What is the difference between Zeno's paradox and the Thompson lamp?

  • #1
quantumdude
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What is the difference between Zeno's paradox and the Thompson lamp?

In PF v2.0, Ontoplasma brought this up, and I thought it was worth having a look at. Let's go through some of these "supertasks" together.

http://plato.stanford.edu/entries/spacetime-supertasks
 
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  • #2
[inte]?
 
  • #3
quantumdude
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Ben,

Check out the link. It gives a concise definition of a supertask. In brief, it is a task that requires (or appears to require) an infinite number of tasks. Some of them (such as Zeno's paradox) are only superficially "supertasks" due to the fact that the infinite series has a finite sum. Others are represented by divergent series, and are thus truly impossible.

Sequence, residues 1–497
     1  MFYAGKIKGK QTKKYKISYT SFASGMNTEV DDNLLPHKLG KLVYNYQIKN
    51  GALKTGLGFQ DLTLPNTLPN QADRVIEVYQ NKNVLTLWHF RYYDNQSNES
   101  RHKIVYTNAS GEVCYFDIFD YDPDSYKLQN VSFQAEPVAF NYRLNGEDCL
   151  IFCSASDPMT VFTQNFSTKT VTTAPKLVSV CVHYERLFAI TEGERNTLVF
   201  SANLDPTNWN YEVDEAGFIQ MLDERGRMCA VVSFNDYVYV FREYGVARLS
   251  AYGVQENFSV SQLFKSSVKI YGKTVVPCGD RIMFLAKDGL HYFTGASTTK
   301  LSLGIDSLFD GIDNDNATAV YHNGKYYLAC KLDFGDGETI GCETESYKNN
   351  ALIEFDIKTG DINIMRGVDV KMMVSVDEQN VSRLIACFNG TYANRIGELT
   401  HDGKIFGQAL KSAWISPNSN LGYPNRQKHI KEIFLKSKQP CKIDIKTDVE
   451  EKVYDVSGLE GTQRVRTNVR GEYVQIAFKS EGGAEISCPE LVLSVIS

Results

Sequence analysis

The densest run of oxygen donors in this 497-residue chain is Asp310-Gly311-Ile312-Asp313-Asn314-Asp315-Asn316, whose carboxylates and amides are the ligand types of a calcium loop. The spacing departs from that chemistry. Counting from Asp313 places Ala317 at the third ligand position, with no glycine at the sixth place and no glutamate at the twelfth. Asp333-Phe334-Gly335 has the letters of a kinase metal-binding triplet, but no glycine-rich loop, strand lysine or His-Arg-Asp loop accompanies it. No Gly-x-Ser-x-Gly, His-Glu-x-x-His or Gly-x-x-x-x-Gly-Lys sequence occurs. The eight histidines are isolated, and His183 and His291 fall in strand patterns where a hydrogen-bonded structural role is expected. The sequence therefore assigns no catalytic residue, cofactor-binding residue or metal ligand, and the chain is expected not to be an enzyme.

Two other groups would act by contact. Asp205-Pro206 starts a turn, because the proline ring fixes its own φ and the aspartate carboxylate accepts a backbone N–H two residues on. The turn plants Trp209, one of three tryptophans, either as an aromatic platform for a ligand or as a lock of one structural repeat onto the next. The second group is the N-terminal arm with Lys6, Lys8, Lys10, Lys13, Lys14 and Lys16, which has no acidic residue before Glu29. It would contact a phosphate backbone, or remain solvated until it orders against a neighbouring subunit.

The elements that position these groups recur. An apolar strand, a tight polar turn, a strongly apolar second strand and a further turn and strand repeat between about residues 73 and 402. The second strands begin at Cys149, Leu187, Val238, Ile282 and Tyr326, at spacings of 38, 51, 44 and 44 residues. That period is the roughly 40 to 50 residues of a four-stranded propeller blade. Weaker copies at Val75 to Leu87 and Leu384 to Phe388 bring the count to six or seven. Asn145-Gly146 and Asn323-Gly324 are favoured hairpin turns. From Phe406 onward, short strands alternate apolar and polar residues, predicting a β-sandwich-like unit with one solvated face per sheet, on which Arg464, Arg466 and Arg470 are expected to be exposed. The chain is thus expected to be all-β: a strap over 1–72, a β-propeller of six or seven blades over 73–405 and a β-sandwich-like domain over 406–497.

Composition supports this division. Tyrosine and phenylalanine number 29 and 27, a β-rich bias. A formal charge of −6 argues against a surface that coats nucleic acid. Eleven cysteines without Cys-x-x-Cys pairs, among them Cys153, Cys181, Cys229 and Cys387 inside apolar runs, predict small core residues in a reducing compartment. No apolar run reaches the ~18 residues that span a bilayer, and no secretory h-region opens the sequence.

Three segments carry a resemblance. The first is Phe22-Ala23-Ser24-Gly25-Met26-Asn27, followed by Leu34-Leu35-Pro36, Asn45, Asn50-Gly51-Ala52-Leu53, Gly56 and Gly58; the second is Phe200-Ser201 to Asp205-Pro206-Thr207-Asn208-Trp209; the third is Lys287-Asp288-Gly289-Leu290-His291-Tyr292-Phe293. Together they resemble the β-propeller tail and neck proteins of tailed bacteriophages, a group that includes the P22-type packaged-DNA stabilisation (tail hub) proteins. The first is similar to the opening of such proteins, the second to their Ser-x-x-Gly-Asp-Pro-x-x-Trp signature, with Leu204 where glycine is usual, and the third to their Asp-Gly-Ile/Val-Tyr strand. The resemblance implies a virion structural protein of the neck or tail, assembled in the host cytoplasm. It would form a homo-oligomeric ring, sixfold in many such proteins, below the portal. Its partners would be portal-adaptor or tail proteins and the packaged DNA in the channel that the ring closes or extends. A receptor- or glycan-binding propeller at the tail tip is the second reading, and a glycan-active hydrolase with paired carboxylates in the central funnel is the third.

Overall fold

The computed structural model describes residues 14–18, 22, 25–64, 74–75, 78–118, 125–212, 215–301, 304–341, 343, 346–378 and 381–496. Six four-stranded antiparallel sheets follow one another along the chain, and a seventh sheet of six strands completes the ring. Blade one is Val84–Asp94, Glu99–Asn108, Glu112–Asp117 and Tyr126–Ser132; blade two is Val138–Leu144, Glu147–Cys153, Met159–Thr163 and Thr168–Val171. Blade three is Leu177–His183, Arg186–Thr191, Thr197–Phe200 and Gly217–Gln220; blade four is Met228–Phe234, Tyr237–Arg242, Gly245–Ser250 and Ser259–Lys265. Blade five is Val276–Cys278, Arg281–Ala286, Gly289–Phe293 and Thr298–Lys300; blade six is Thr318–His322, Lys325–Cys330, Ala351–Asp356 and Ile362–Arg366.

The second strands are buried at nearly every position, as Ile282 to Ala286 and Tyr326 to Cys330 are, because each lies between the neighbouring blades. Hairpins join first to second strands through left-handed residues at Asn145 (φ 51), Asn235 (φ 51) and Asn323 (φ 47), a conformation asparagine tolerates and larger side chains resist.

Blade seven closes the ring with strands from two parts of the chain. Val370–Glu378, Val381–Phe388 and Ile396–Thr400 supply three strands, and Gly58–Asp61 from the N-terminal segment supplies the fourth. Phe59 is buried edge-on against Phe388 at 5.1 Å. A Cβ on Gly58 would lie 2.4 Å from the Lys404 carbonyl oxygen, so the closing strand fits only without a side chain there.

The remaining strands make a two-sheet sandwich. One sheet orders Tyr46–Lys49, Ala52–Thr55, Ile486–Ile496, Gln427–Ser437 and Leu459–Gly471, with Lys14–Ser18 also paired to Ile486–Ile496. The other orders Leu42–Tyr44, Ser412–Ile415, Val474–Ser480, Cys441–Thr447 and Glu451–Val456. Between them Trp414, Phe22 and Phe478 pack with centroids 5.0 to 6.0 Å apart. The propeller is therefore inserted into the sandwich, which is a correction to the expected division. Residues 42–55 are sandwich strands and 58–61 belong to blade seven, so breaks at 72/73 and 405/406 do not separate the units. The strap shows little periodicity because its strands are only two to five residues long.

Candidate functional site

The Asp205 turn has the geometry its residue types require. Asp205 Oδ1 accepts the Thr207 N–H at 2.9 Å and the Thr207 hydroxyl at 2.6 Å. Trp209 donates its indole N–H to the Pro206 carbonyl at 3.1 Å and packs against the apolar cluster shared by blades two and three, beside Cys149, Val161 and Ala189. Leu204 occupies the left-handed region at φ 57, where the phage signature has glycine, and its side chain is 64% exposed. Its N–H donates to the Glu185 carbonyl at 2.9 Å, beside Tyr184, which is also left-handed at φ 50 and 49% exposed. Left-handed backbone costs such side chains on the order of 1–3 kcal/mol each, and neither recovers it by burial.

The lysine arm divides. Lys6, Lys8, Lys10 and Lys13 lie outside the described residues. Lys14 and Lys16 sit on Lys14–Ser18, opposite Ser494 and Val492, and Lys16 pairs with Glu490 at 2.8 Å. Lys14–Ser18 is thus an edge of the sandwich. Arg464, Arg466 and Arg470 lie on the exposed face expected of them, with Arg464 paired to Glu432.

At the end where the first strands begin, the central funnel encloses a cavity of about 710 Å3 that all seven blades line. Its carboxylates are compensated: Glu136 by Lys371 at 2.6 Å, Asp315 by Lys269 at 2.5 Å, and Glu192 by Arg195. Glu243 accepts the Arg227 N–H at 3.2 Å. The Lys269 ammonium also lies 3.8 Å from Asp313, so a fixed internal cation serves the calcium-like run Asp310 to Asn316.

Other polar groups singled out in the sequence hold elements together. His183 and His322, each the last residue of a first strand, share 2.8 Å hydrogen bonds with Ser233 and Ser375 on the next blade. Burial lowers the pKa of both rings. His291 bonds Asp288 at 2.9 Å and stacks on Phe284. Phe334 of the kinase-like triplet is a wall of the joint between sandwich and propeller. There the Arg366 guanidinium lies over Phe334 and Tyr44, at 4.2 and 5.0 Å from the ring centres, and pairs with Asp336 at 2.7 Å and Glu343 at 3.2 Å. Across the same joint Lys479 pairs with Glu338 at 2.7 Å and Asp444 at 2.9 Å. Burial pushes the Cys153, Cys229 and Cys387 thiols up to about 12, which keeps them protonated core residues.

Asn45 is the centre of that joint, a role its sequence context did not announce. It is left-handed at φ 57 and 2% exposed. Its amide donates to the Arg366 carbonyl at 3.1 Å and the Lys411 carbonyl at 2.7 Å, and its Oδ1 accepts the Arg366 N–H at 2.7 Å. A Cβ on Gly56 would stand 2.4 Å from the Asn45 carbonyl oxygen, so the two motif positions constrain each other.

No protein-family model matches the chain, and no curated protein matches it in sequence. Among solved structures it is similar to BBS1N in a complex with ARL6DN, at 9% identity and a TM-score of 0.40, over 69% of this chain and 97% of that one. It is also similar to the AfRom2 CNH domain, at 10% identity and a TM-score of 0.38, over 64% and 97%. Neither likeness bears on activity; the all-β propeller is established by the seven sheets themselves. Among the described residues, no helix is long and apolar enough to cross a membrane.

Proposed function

The aim of this thread is to find a way to determine which are possible and which are not. The solution to the problem is mathematical, which is why I posted it here.

I'll have more later.
 
  • #4
Would a bouncing ball be considered a candidate for a supertask?
 
  • #5
I don't quite see why not. But then, I'm not very sure...are there specific characteristics(or tricks) that help with identifying supertasks?
 
  • #6
quantumdude
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Supertask defined:
"A supertask is an infinite sequence of actions or operations carried out in a finite interval of time."

The writer is also careful about his definitions of action and operation, as they do not necessarily require the action of a person.

But on to the immediate question:

Oringinally posted by Ben-CS:
Would a bouncing ball be considered a candidate for a supertask?

Depends. In principle, all motion qualifies, a la Zeno. However, if you are talking about the bouncing ball problem in which the ball rises to a height that is reduced by a factor r after each bounce and showing that it travels a finite distance, then no, that is not a supertask, as it requires an infinite amount of time.

If you're still interested, print out the article I linked you to in the first post, and let's have a look at it.
 

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